More Craig: The Vikings were concerned that Raiders middle linebacker and noted dirty player Vontaze Burfict wouldn’t keep it clean on Sunday. Burfict wasn’t flagged, but that doesn’t mean he kept it clean. Replays showed him taking two swings at the end of a run by Cook in the second half. As the pile is being pushed forward, Burfict took a swing and connected to the helmet of left tackle Riley Reiff. Burfict then reloads and takes another one at Cook but doesn’t connect. Burfict injured his elbow in the second quarter via friendly fire when he and many teammates crashed into Cousins on the QB’s ill-advised decision to scramble up the middle on second-and-goal from the 1. Burfict, who has been suspended twice and been fined numerous times for illegal hits, left the game and didn’t return until after halftime. He had six tackles and wasn’t much of a factor.
Ed Graney, Raiders reporter for the Las Vegas Review-Journal, says the Oakland offense is the same as last year if you substitute the name Jared Cook (now in New Orleans) with that of Darren Waller at tight end, who had good stats (13 catches, 134 yards). Those 13 catches tie Tim Brown and Darren McFadden for third most in a Raiders game, but Graney says the team needs more.
Wrote Graney*: If you sketched an outline of how not to begin what are five straight games away from Oakland, a 34-14 loss would have covered all points, significant and otherwise. . . . “It gets hard for our fans, because they just want to see us win,” Carr said. “We didn’t have a problem moving the ball …We moved the ball, right?” Um, not really. The Raiders averaged just 4.5 yards on the 50 plays before their last drive. They had scored just seven points in the previous 17. Get this: When trailing 31-7 in the fourth quarter, the Raiders over a 6:20 stretch went only 42 yards in 13 plays, the drive ending when Daniel Carlson’s 51-yard field-goal attempt hit the right upright. So, no, there hasn’t been much moving of the*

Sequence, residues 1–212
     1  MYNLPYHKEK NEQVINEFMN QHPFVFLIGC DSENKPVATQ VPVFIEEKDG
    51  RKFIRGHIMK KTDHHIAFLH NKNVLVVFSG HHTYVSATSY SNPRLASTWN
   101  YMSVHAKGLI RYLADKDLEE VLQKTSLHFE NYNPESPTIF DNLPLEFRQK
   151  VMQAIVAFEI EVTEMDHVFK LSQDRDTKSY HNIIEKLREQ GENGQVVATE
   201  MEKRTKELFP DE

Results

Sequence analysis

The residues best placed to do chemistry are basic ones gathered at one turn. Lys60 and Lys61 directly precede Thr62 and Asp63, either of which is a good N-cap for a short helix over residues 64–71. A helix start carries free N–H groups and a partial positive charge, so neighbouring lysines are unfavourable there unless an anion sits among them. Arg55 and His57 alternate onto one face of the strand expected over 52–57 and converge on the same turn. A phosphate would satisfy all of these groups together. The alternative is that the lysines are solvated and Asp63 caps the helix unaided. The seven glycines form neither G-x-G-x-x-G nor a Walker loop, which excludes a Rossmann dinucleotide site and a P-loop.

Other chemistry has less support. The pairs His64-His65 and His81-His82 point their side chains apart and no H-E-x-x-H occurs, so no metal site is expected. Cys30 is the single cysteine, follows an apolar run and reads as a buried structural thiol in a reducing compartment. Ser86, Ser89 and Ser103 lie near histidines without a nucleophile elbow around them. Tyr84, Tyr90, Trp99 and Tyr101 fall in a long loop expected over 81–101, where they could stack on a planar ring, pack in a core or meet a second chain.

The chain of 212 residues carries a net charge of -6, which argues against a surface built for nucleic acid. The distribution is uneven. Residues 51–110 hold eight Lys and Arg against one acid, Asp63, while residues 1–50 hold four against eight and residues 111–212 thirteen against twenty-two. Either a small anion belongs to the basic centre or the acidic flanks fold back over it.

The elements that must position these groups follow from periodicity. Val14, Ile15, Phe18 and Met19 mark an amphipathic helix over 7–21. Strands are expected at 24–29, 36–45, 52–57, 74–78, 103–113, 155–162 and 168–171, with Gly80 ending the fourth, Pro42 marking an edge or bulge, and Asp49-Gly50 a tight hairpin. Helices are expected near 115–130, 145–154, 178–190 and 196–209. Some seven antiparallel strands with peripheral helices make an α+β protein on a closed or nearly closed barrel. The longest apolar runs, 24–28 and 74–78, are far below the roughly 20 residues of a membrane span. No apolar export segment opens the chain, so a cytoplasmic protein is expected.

The Raiders are like they were last season. When meeting a playoff-caliber opponent, they own a pencil-thin margin for error, not near good enough to do foolish things at the most important times and have much hope of competing. They can’t commit stupid defensive penalties and allow teams to extend drives. They can’t drop third-down passes (Waller) when trailing 21-7 late in the first half and driving in opposing territory. They can’t throw a second-quarter interception (Carr) when down 14-0 that the other guys convert into seven more points.
Noted Graney: They had electrifying wide receiver Amari Cooper (last year) and traded him. They had all-Pro receiver Antonio Brown and (rightly) released him. They cut receiver Keelan Doss, signed him off the Jacksonville practice squad, paid him a guaranteed $795,000, made him active the last two weeks and have yet to acknowledge he’s alive on the sidelines.
And now, like the Raiders offense itself, back to Tight end Darren Waller: "It’s not getting any easier for us, but I don’t think guys in this locker room are looking for anything easy,” Waller said. “They’re looking to take on that road that’s going to be as tough as possible, because that will bring the best out of us."
But it hasn’t brought out the best yet as the Raiders head for Indianapolis next.